The lower back is made up of 5 vertebrae or back bones, the sacrum and coccyx bone. There are fibrous ligament structures, called discs, that sit in between the bones, vertebrae to help provide shock absorption and transmit forces. The discs can be injured with rotational movements and, or compression forces (Brukner and Khan, 2006). The bones are connected to each other via joints and surrounding ligaments which also can be sprained, and which can contribute to lower back pain. Local surrounding muscles are connected by tendons to the bones and at times myofascial trigger points can also contribute to lower back pain (Brukner and Khan, 2006).
The spinal cord runs through the middle of each vertebrae and gives off a pair of nerves at each level of the spine which innervates different parts of the limbs. These can be a source of pain if they are compressed. An acute compressed nerve root can be caused by prolapsed discs or in an older patient can be a result of bone thickening around the nerve root (Brukner and Khan, 2006).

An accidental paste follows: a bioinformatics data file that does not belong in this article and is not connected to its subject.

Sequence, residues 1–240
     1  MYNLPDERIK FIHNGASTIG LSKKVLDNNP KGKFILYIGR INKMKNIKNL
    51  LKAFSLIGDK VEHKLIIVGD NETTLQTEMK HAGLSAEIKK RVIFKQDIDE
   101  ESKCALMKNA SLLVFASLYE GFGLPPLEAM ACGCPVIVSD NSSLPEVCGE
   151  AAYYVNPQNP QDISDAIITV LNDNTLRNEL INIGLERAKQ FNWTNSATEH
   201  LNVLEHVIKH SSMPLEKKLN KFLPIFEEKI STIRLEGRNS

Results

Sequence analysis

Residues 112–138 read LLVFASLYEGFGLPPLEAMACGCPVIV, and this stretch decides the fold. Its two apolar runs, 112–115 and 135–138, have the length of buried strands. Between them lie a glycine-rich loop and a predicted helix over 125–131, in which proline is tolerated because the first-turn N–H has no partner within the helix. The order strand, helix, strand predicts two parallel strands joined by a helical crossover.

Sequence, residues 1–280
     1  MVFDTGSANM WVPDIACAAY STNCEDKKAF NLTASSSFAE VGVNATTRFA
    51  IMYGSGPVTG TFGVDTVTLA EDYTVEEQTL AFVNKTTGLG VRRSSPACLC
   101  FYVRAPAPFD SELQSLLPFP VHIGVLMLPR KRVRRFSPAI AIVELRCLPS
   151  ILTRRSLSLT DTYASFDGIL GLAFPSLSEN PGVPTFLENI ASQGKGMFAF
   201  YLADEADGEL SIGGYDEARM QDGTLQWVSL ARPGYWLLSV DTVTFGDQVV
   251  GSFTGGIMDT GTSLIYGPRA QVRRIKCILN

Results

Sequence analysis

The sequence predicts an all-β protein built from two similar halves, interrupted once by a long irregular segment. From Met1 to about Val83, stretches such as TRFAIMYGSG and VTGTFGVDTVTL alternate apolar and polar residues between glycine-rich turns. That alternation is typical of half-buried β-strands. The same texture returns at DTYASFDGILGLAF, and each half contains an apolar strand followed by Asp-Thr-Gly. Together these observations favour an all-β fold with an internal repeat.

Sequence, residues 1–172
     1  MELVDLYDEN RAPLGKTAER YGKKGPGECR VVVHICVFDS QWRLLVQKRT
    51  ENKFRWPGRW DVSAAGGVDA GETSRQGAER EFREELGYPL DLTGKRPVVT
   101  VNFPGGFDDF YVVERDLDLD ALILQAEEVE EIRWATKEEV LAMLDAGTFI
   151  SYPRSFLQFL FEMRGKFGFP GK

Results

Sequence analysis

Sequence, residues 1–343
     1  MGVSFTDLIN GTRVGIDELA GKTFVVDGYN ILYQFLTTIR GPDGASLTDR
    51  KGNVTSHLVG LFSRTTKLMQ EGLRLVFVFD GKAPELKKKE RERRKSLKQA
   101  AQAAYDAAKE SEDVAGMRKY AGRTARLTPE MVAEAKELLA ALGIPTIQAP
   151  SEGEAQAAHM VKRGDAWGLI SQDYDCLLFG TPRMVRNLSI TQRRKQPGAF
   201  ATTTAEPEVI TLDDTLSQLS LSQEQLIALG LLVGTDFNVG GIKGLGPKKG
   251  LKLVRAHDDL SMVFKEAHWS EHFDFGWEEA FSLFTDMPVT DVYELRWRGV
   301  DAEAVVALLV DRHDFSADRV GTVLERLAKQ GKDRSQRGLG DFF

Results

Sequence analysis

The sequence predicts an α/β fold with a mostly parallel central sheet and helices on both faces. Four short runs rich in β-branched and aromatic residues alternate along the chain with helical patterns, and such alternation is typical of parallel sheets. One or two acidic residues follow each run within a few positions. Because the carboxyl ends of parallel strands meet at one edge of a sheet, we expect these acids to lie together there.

How Can Physios Help?
When you first present to physiotherapy, with lower back pain, we will discuss the cause of your injury and rule out any sinister causes for your back pain with a few simple questions. Three percent of lower back pain that presents for physiotherapy is due to organ pain or some sinister cause, so it is important for us to rule these out (National Health Committee, 2015). The Physio will then complete a full assessment of your spine and discuss an appropriate management plan with you. Assessment includes looking at mobility, flexibility and strength around your spine and hips. We palpate different structures around the spine to try and identify the cause of your discomfort. Often imaging is not warranted, but if required your physio can refer you for an X-ray. If more advanced imaging is required, such as an MRI or CT scan, a referral can be made for you to a specialist.
Management of your back pain will depend on the symptoms you present with. The first line of treatment is pain management and get you moving again. Everybody is different so we try to individualize a treatment plan to you and your condition.
The use of heat or cold packs, although limited evidence, may help provide pain relief (NINDS, 2014). Most people prefer the use of heat packs or hot water bottles for up to 10 minutes at a time. Utilizing a spa pool or sauna can also be beneficial.